Monday, November 29

Fear spreads in Afghanistan: “No one helped us stop the Taliban” | International

Columns of smoke after fighting between the Taliban and Afghan security forces in Kandahar on Thursday.
Columns of smoke after fighting between the Taliban and Afghan security forces in Kandahar on Thursday.Sidiqullah Khan / AP

The feeling of panic is spreading through Afghanistan at the inexorable and brilliant advance of the Taliban who, after important conquests both in the north and in the south, are increasingly tightening the siege on Kabul. Thousands of civilians across the country are fleeing their homes as insurgents score victories, such as those in Kandahar and Herat, the country’s second and third cities. Many come to Kabul, where they sleep outdoors, in parks and on sidewalks. Looking at them, it is difficult for residents not to think that something similar may be about to happen to them. “We are concerned that there is a power vacuum, infighting, increased crime, because the government is weak and cannot even defend small towns,” laments Rasool Dad, a 52-year-old baker from Kabul.

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While he was attending his small business this Friday, on the outskirts of the city the first troops sent by the United States were expected to safely evacuate almost the entirety of its Embassy in the face of the inexorable Taliban advance. Only three major cities (the capital, Jalalabad and Mazar-i-Sharif) remain under government control, and the latter has been under siege by fundamentalists for days. After the fall of Lashkar Gah (Helmand) and Kandahar, this Friday, the group controls the entire south, which is home to the traditional fiefdoms of their ethnic group, the Pashtun, a true symbol of the Taliban resurgence.

Government forces appear close to collapse. The latest reports from Washington on the ground are increasingly pessimistic and estimate that the government may fall in less than a month. “The Taliban outnumbered our troops, help from Kabul never came, or air support. Nobody helped us stop the Taliban. And now they control a key place to get to the capital, ”laments Homa Ahmadi by phone, a deputy from the Logar province, in the center of the country, whose capital, Pul-e-Alam, was taken this Friday.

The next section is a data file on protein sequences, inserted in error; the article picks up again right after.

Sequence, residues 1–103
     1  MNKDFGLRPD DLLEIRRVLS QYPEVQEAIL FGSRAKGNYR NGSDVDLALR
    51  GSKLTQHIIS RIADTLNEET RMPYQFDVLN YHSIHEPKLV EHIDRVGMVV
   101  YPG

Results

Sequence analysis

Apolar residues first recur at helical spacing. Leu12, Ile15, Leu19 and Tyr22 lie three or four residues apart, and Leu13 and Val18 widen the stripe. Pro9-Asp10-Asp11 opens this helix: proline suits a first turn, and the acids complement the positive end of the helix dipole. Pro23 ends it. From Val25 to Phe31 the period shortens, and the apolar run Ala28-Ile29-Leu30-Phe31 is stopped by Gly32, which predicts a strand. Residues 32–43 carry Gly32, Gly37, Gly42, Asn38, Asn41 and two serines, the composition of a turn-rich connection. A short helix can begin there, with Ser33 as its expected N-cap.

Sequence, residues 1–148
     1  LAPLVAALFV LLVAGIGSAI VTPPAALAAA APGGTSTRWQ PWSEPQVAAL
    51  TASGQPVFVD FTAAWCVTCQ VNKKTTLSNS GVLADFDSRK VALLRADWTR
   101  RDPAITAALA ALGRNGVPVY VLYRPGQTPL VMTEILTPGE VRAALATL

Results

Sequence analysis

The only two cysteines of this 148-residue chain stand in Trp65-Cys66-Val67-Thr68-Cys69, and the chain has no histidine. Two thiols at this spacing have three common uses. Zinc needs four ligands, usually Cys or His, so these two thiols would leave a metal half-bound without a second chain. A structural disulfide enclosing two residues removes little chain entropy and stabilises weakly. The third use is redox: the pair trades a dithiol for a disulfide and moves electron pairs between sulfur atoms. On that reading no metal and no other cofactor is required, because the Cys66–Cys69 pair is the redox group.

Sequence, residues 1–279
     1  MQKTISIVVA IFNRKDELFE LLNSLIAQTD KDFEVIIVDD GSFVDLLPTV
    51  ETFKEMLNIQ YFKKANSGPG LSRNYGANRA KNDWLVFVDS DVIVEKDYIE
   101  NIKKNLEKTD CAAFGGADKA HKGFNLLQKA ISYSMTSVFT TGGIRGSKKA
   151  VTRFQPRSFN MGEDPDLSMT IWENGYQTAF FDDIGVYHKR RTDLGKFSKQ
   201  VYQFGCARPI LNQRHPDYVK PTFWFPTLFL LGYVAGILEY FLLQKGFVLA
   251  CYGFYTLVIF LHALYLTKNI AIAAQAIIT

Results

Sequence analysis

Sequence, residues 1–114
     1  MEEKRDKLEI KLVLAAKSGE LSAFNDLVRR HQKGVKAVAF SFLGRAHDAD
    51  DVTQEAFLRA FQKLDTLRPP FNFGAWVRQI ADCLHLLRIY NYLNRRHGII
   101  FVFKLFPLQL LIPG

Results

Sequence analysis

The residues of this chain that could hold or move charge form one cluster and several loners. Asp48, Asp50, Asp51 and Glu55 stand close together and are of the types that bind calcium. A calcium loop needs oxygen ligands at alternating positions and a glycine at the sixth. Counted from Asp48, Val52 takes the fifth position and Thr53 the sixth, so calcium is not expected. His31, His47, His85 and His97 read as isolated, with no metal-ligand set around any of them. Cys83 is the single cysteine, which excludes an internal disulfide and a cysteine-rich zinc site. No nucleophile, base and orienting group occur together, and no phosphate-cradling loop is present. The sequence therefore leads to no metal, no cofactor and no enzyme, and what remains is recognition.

The city was conquered after days of fierce fighting. The militia took hostage the governor and the head of the spy agency, along with hundreds of soldiers. “They fought to the end,” says Ahmadi. In an image on social networks, the governor, surrounded by armed men, could be seen leaving the building, after allegedly surrendering. The Afghan government declined to comment on the loss of Logar, which is another severe setback. The conquest has come despite President Ashraf Ghani’s decision to provide arms and money to mobilize private militias to stop the Taliban, as Afghan troops have failed in their attempt to stop the Taliban even though they have had air support from US troops, although less than a year ago.

The offensive has accelerated to almost three weeks after the withdrawal of US troops was completed, at the end of August, two decades after the invasion that in 2001 overthrew the Taliban regime that ruled the country following the harshest interpretation and uncompromising of the Qur’an. The taking of Herat on Thursday was a blow to the Afghan authorities. “We are concerned about what will happen. The government doesn’t seem able to stop them, ”says Najbibullah, a resident. “Here it is now calm, but I fear it is the silence that precedes something bad. We don’t want any more wars. We Afghans have already suffered a lot, ”he says.

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Some cities have fallen to the Taliban without much resistance. The police detained the governor of Ghazni, Mohammad Daud, accused of turning over the city, located 150 kilometers from Kabul and key to access the capital by road, which fell into the hands of the Taliban on Thursday.

Local sources claim that hundreds of Afghan Army soldiers have surrendered in Lashkar Gah and Herat, where a prominent local leader, Ismail Khan, who led an anti-insurgent resistance force, was captured by the Taliban. “We ask that they treat people well, that we can all live a comfortable life,” Kahn said in a video released by the militia in which he was seen sitting in a car after being detained. The fighting, he said, must end.

Herat is a city that is located on the border with Iran and Turkmenistan and its conquest will allow the Taliban to open a supply route to take their fighters north.


The rapid advance of the Taliban, especially since last week, has taken many by surprise and rekindles concern that Islamists will regain control of the country as they did in the 1990s.

As the Taliban gain ground, the United States has redoubled efforts to secure a peace agreement between the parties at the negotiating table in Qatar that ends the fighting. The US envoy for Afghanistan, Zalmay Khalilzad, said in a series of tweets after two days of intense contacts it was necessary to reach an agreement. “Any government that is imposed by force will be considered an outcast,” he warned.

Tens of thousands of Afghans have been displaced by the wave of war in recent weeks. After a prolonged stalemate on the battlefield, the United States and the Taliban reached an agreement in February 2020 for foreign troops to leave last May.

But the new administration in Washington unilaterally extended the troop presence until the end of August. Many Afghans and foreigners blame the United States for leaving the country without the Taliban and Kabul reaching an agreement first. There is a fear that in the absence of reconciliation and once the troops are completely gone, Afghanistan will slide into the hole of a new civil war.

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